And finally, when it comes to decluttering: get rid of gift guilt. We’ve all been given things we know immediately we’ll never use, that just sits around, collects dust, and makes us feel awful. Give thanks for the kind gesture by your friend or family member, and free yourself from the item itself.

Donate or re-gift (with full disclosure) whatever you can, and be left with an organized home filled only with things you love and use. You’ll feel so much lighter without the items you don’t need hanging over your head, and taking up your time as you try to find what really matters. A clean space will lead to a clean mind, and much more enjoyable time spent at home.

I do a closet purge once or twice every year, and I always feel worlds better afterwards.

Keep track of your healthy habits

I use an app called Done, which allows you to input whatever habits you want to build (or break), and track your progress. It helps me organize the more mundane (but essential) things in my life, and see how I’ve done over the course of the day, week, month, and year. I track things like how many glasses of water I’ve had, my vitamins, my workouts, and whether I’ve eaten a healthy lunch and dinner, had at least 6 hours of sleep, and more.

It has a really clean, appealing interface that makes me want to check into it regularly and mark things as done. It’s also great for hyper-perfectionists like me, because it gives me much-needed perspective. Even if I’ve taken terrible care of myself that day – I’m sleep deprived, reaching for junk food, and just feeling miserable – in the grand scheme of things, I’m doing okay, and this is just a blip.

Outsource what you can

Please hear this: nobody can do it all, on their own. No one. Something always has to slip, whether it’s visible on the outside or not. And if you’re lucky enough to be able to afford it, use some of your earnings to alleviate your stress. Outsourcing is the key.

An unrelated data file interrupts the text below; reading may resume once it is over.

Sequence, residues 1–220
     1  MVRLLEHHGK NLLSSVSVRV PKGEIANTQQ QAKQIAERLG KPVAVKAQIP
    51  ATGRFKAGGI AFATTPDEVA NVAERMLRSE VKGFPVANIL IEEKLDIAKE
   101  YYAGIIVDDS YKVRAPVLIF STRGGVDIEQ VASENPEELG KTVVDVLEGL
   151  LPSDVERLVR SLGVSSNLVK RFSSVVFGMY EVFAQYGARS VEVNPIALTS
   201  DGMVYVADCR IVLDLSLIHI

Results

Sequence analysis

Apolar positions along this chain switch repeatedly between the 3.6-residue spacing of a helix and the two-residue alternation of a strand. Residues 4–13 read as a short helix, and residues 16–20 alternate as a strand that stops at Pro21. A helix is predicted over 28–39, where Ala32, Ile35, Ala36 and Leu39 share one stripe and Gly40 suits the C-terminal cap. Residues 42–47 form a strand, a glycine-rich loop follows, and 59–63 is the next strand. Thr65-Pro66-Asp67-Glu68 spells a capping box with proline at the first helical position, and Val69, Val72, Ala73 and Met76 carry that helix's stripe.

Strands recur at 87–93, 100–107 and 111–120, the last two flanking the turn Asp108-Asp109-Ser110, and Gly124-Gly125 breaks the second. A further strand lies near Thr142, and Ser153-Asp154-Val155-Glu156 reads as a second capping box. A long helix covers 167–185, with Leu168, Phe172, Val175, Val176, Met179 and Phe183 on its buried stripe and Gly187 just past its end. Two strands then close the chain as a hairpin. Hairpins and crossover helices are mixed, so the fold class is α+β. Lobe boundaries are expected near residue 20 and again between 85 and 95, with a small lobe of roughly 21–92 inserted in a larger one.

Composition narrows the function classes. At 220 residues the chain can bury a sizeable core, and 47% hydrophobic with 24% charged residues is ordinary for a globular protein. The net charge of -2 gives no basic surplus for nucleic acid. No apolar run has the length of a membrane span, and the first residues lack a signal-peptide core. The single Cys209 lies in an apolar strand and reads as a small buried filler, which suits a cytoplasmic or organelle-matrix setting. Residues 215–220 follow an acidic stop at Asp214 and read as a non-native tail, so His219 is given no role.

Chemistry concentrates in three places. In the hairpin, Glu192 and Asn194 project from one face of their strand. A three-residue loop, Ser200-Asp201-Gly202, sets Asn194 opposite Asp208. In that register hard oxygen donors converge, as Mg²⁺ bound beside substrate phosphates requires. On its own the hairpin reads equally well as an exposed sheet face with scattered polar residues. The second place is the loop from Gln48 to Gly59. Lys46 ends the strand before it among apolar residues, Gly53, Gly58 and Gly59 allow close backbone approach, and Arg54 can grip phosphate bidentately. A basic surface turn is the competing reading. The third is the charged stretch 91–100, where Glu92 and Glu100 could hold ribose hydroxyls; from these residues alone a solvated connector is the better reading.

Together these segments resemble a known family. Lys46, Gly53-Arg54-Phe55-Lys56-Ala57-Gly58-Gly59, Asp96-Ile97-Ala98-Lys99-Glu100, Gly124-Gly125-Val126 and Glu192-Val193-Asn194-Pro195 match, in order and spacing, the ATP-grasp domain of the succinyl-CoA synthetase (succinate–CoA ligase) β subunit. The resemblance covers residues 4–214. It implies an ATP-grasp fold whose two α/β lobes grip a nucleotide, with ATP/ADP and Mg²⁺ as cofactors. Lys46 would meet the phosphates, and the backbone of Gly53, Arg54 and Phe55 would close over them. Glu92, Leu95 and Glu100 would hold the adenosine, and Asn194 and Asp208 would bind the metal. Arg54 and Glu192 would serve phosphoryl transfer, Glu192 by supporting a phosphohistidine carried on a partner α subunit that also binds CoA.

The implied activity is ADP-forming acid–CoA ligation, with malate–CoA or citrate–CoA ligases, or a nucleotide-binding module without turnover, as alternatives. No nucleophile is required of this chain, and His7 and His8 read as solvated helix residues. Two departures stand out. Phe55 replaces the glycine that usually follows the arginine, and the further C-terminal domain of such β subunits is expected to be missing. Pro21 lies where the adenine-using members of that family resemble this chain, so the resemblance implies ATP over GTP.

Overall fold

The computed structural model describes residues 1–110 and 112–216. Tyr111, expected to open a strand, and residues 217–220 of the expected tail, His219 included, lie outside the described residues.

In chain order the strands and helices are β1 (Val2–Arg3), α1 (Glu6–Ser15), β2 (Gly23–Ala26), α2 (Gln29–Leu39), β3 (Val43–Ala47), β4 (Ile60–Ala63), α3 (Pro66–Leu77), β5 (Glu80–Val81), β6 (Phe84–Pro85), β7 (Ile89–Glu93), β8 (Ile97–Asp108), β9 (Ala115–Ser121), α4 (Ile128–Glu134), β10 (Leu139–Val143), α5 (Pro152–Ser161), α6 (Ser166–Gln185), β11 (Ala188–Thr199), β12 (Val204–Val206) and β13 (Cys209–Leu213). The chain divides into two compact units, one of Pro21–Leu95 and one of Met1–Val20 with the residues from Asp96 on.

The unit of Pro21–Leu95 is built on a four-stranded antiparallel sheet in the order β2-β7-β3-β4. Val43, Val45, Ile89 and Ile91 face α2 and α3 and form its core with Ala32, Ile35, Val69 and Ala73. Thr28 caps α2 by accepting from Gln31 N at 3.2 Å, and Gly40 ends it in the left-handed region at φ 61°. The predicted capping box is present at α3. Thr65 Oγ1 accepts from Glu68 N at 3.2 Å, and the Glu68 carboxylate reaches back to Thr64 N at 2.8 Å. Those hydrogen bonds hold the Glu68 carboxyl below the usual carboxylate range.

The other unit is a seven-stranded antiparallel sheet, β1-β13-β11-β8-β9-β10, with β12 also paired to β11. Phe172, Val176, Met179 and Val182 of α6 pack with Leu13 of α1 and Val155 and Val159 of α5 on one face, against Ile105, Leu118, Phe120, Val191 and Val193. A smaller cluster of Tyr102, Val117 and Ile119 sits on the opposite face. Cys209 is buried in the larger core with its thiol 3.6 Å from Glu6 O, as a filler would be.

Sometimes you need to splash your cash on services that make it easier for you to get the rest of your life done. If you honestly cannot handle the idea of spending another Saturday morning cleaning your bathroom, you could budget for a bi-weekly cleaning, so all you’ll have to do is light touch-ups in between.

If you spend half your life at the post office because your apartment building doesn’t understand the concept of delivering mail, there are alternatives to a standard PO box that you can check out. If you’ve got a super busy week and you don’t think you’ll have enough clean shirts or blazers to last, invest in a laundry service a couple of times.

Spending time on rest and relaxation instead of menial tasks you hate is vital to your mental wellbeing: remember that what you’re paying for isn’t just the service, it’s also your free time.

Hate cooking? There are a ton of meal kit delivery services. Like cooking but don’t have time to shop? There are grocery delivery services in Toronto and many other cities. I’ve been using Instacart since January, and it’s been a game-changer for me. Thanks to the convenience of scheduled grocery delivery, I cook meals at home a lot more often, and order UberEats a lot less. (Savings AND healthier eating, boom.)

At least one of my friends has a personal trainer to help keep her sticking to a gym schedule. Lots of people I know have their homes cleaned professionally.

Outsourcing isn’t a new idea – working parents have outsourced to nannies, family members, daycares, and other childcare providers for generations. So stop feeling guilty, lazy, or ashamed about it and do what you need to do (and what you can reasonably afford.)


More than anything else, try to remember that you are important and that your time is worth something. You need to be able to stop so that when the frantic pace of life picks up again, you’re able to deal with it in a happy and healthy way.

You may have the same number of hours in a day as Beyoncé, but Beyoncé has a whole team helping her get it all done.

Thanks for reading!

– Sara